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The aerial shot of the leak from BP’s Prudhoe Bay oil transit pipeline in Alaska shows an affected area smaller than half of a football field. However, this leak of around five barrels (200 gallons) of oil on to the Alaskan tundra coupled with evidence of severe corrosion elsewhere in its pipelines has led BP to shut down the Prudhoe Bay oilfield, the biggest in the US providing around 8 per cent of US crude oil production.
Oil prices rose on the recognition that ageing infrastructure is now on the growing list of factors that are reducing security of the world’s oil supplies, along with war in the Middle East and disruptions in Nigeria. BP has been credited with acting decisively – it has announced it will replace all 22 miles of the field’s transit lines – but its share price fell markedly on the news. The shutdown, in itself, is not expected to have a big effect on earnings. Of increasing concern is the company’s reputation given a string of bad news stories from its US operations.
In March, BP reported the largest spill since oil production began on the North Slope of Alaska in 1977 – 4,800 barrels (200,000 gallons) of crude that came from a hole the size of a penny in a corroded pipe. US state and federal investigations followed, though the scale of the spill was modest relative to other spills worldwide – the Exxon Valdez spill on the Alaskan coast in 1989 was 50 times greater. Far more troubling was the fire at BP’s Texas City refinery last year that killed 15 people and injured 500 more – the explosion was attributed to poor maintenance. Charges of market manipulation levelled against BP traders in its natural gas liquids business in June this year have not helped either.
Oil spills are not supposed to happen at BP. Neither are fatal accidents owing to sloppy maintenance or, if proved, corrupt trading practices. This is from a company widely regarded as a leading-edge exponent of corporate responsibility. Is such a reputation warranted? Is this more evidence of a company providing the rhetoric but little substance? BP is the company that invested millions of dollars in telling us it is “beyond petroleum” and that it is committed to protecting the environment – and it has been more than advertising spin.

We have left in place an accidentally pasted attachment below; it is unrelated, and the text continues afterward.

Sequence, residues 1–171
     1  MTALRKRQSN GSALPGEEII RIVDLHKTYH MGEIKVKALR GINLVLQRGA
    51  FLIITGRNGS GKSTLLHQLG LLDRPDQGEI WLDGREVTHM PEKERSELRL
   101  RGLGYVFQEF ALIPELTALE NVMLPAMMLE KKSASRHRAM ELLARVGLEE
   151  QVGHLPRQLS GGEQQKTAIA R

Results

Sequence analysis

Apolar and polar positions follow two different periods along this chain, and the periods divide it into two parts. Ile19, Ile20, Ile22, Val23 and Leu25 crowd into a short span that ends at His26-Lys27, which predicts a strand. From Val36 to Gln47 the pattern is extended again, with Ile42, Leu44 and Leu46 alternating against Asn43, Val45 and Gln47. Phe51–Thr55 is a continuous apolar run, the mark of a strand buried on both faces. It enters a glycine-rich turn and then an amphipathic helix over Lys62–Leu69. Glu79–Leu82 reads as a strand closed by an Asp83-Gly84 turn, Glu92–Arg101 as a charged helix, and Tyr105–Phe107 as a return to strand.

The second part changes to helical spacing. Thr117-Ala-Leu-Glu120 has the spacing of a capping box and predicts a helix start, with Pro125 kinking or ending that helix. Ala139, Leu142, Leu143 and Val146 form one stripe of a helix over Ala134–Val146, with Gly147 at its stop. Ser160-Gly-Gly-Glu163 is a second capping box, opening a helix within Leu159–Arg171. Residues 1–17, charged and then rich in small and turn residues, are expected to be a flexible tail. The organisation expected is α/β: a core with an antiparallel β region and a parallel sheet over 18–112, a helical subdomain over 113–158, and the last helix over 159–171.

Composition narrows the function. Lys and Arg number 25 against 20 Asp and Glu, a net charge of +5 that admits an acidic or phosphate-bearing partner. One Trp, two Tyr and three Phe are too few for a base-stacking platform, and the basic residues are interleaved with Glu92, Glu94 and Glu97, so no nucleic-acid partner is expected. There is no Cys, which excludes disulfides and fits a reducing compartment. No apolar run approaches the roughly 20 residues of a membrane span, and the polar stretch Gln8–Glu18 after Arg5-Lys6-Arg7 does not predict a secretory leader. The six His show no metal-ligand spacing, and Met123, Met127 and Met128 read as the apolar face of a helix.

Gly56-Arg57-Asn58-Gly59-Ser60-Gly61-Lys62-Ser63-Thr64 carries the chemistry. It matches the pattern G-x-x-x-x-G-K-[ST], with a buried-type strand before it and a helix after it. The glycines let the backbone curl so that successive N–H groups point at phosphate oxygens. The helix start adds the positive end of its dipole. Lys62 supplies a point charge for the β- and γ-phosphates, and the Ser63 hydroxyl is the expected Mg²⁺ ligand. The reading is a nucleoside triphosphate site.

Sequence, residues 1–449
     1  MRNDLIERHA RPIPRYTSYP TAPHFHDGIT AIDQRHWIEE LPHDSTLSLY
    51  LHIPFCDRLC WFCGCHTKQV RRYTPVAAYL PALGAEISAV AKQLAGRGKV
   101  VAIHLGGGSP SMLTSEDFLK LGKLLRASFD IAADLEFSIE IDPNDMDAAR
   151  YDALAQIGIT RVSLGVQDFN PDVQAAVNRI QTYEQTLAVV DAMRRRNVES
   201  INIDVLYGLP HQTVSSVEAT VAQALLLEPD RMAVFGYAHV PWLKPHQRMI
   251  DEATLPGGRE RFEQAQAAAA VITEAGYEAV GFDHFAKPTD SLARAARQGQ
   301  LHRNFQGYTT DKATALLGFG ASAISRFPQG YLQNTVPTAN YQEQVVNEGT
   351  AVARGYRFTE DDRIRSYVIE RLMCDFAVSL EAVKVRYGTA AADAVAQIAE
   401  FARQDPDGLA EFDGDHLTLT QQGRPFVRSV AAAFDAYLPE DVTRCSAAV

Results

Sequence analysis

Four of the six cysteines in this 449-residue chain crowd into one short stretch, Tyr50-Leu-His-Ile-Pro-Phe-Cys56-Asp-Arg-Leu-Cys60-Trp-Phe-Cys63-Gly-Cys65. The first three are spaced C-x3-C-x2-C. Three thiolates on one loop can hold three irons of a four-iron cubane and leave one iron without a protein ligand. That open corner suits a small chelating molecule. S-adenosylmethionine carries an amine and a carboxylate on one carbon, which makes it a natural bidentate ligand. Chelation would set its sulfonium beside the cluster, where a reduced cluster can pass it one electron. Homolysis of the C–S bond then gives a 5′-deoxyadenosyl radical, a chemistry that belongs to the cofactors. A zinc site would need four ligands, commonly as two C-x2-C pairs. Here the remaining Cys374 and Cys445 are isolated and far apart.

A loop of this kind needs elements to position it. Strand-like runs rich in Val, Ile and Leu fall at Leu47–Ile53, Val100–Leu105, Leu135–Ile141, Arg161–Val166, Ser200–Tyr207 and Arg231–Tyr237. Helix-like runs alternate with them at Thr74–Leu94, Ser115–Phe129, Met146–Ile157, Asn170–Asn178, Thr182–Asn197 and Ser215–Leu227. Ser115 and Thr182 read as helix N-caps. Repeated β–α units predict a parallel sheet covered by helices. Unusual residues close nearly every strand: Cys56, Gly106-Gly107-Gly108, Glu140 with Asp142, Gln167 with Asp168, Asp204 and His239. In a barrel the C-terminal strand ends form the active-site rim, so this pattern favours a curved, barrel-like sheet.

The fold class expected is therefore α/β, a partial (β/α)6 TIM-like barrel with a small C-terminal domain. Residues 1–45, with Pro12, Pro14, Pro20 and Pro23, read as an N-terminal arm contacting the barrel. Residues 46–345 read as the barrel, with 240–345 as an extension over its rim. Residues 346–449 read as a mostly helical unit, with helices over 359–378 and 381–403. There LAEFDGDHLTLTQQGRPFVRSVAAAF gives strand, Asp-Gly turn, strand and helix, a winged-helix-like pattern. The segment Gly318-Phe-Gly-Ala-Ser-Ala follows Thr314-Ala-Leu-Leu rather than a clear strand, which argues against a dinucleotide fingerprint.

John Browne, as chief executive of BP, committed the company to action on climate change specifically as early as 1997. The move was controversial at the time, though now is being increasingly emulated by the company’s competitors. BP withdrew around then from the Global Climate Coalition, an industry group opposing action to reduce greenhouse gas emissions, and has since reduced its carbon dioxide emissions to below 1990 levels and developed CO2 capture and storage projects at its production facilities.
In 2005, it launched BP Alternative Energy, with an $8bn investment over 10 years and the aim of establishing market leadership in low-carbon power generated from the sun, wind, natural gas and hydrogen – its solar panels business is already a market leader.
Yet for all this attention to climate change, BP appears to have been caught unawares by unacceptable levels of corrosion in its Prudhoe Bay pipelines that could result in more elementary environmental problems – oil spills. This is in spite of earlier reports from whistleblowers of leaks and inadequate maintenance at the facilities. The company has also been accused of paying insufficient attention to safety in investigations of the Texas City fire.
For all the question marks over its reputation, BP’s sustainability strategy – it prefers “sustainability” to “corporate responsibility” – remains sound. In no industry is there more of a requirement to protect companies’ “license to operate”. What we are seeing is not a failure of strategy but of execution.
Lord Browne, speaking at London Business School last year, said: “Our commitment to responsibility has to be expressed not in words, but in the actions of the business, day-in and day-out, in every piece of activity, and every aspect of behaviour.” This is the challenge and the tough work of corporate responsibility: making it happen.
Some are saying the series of unfortunate events in BP’s US operations marks a turning point – that this is BP’s “Brent Spar” moment. This is a reference to Royal Dutch Shell’s loss of public trust following protests by Greenpeace, which led it to abandon plans to sink the Brent Spar oil platform in the North Sea. The company’s reputation plunged over the affair.
For BP, the concern has to be as much with US regulatory scrutiny as with public confidence. Over the Prudhoe Bay facilities, the company failed to take pre-emptive action, but since its problems became public, has taken some of the right steps by acting decisively. Fundamentally, however, only by redoubling its efforts to ensure its operations throughout the world are sound will BP minimise the risk of the reputational blows it has suffered in the past 18 months. One area of particular concern is its operations in Russia, where it is in a joint venture with TNK, a Russian oil company. BP can recover the trust it has lost – and so desperately needs – and restore its tarnished reputation in the US. But the most important lesson for now is that getting the basics right must be at the core of corporate responsibility.
The writer is senior fellow in marketing and ethics at London Business School